I ordered a few teas from Floating Leaves Tea a little while ago, but I’ve been remiss in showing them the love they deserve. So, to remedy this, I decided to do a tasting of the Ruby 18 black tea this week. I’ve also started exploring tea cupping using a cupping set I got from Camellia Sinensis (or, if you want a US-based store, Art of Tea has a similar one*). I’m still learning the ropes of tasting in this style of brewing vessel, so I played around a bit. I suppose I might want to take an actual course in tea cupping, but that’s not really my style, so for now, I’m experimenting.
I used 3g of leaf in a 125-ml cupping set with 99C water. I did not rinse or preheat my cupping set before starting the tasting, but I did smell the dry leaves after adding them to the vessel. I got aromas of dried fruit, like prunes and sweet cherries, from the dry leaf. I did not rinse the tea.
The first steeping was for two minutes, after which, I got sweet aromas, almost like the glue on the back of old postage stamps, from the leaves. I know this sounds like an odd note, but it’s actually a very positive and comforting aroma for me because it reminds me of helping my mother at the office on snow days when my school was closed. The liquor was a rich mahogany brown color and really exemplifies why the Chinese refer to this kind of tea as “red tea” rather than “black tea,” as the West calls it. The liquor had a light fruity and smoky aroma. The body was medium-rich and had a lightly syrupy mouthfeel, with a hint of dryness afterwards. There was a light, smooth tannic flavor, followed by caramelized onion and dark stone fruit. This developed into a sweet-acidic flavor that reminded me of dried tart cherries and amaretto.
The second steeping, I went for two and a half minutes. The wet leaves smelled of caramel and wood. The liquor was slightly lighter in color, with a sweet smell that I couldn’t quite put my finger on, like some sort of sweet-smelling herb. The mouthfeel was richer and juicier with no dryness. The flavor had a sweet cereal taste, like barley syrup or toasted soybean powder with brown sugar. I still get stamp glue from the flavor. The cup aroma after finishing the liquor was pure caramelized sugar, and I noted that I was starting to sweat.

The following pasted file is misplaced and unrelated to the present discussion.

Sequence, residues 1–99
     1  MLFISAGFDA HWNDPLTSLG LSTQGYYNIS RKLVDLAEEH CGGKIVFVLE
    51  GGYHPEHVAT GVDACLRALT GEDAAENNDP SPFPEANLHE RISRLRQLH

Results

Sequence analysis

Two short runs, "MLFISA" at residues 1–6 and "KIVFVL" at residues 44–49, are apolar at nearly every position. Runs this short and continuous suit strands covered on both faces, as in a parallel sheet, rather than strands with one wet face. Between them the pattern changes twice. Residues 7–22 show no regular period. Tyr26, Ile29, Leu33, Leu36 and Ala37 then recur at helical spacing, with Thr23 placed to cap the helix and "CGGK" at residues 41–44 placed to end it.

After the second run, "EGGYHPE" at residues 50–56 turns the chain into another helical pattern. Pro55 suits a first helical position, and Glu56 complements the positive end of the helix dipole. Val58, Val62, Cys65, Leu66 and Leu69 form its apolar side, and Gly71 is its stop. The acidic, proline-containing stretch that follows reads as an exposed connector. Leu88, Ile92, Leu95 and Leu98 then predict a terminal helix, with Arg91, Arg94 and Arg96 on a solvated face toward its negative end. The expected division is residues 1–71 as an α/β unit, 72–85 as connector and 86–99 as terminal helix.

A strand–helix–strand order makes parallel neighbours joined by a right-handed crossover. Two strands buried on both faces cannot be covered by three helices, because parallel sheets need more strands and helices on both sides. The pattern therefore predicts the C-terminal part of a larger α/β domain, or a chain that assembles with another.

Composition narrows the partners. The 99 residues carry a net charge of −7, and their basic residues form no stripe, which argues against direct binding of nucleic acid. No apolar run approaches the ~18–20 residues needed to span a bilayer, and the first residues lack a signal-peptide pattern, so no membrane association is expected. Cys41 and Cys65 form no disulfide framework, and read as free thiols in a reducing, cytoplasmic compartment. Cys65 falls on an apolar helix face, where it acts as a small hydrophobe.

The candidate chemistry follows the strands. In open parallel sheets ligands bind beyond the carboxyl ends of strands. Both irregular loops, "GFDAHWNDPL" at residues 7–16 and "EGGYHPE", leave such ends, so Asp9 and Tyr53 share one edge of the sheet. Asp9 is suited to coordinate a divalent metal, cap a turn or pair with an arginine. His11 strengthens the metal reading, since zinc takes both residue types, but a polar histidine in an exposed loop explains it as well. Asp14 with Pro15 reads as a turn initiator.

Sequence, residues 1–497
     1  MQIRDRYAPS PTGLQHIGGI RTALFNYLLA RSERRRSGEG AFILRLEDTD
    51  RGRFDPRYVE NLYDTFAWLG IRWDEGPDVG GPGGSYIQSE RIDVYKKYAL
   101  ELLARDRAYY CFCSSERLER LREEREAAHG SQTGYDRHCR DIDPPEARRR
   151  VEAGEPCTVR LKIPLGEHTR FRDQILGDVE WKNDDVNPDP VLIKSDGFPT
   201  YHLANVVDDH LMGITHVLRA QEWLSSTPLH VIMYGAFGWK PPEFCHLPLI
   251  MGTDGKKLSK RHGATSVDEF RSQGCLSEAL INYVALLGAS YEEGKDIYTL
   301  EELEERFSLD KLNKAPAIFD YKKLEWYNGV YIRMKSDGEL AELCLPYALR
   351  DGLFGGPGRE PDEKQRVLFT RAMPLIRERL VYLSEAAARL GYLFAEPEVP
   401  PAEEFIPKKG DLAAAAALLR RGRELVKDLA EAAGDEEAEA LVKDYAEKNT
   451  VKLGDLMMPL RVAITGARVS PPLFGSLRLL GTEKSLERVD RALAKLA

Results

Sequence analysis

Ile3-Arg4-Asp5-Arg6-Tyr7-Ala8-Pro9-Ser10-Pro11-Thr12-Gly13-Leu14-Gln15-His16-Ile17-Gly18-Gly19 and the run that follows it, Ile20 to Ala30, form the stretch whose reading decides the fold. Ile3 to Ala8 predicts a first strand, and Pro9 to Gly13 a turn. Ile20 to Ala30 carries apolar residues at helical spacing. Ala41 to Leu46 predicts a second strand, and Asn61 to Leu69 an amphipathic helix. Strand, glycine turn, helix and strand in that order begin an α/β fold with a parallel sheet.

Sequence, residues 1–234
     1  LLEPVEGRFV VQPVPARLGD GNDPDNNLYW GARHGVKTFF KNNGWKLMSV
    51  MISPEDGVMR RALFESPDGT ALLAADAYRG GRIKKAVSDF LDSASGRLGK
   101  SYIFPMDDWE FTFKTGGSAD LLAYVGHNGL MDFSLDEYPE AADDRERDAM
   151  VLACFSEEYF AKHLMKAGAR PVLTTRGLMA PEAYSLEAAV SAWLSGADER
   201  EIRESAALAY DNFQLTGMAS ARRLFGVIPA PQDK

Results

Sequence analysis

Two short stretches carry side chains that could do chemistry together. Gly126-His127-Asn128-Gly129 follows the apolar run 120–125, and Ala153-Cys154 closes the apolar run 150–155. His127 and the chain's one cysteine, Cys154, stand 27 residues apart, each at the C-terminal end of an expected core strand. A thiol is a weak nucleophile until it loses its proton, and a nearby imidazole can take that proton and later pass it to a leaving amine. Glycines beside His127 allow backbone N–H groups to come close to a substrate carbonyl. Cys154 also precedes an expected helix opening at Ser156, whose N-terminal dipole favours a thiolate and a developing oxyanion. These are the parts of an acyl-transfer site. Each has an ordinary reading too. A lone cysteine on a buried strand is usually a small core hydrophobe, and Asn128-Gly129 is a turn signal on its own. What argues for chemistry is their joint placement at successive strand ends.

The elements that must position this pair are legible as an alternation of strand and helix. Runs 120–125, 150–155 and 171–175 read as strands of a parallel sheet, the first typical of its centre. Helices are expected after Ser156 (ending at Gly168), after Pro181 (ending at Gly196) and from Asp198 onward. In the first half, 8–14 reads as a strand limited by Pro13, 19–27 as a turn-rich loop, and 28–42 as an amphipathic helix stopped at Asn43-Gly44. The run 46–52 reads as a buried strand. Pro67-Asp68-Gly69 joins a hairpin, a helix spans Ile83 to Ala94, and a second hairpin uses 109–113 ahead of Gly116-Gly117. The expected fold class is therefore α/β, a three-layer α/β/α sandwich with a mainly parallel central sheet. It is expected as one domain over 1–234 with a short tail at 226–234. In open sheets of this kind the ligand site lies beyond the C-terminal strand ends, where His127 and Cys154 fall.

The third steeping was for three minutes, after which I got aromas of wet paper from the leaves. The liquor was a similar color to the second steeping, with a faint sandalwood aroma. The mouthfeel is the same round, rich feel, but there is an acidic note, almost like a tomatillo, on the taste. The liquor was starting to taste a bit papery, which is often a sign that the tea is about finished. The fourth steeping, for three and a half minutes, was the last. The liquor was lighter — a dark apricot color — and the leaf aroma was exhausted. Only the acidic notes seemed left to the flavor with a bit of woodiness.
The spent leaves were surprisingly large. I actually took a photo after the second steeping, but was surprised by how much more they expanded over the next two steepings, so I had to photograph it again. I’m definitely going to have to explore more Taiwanese red tea cultivars.
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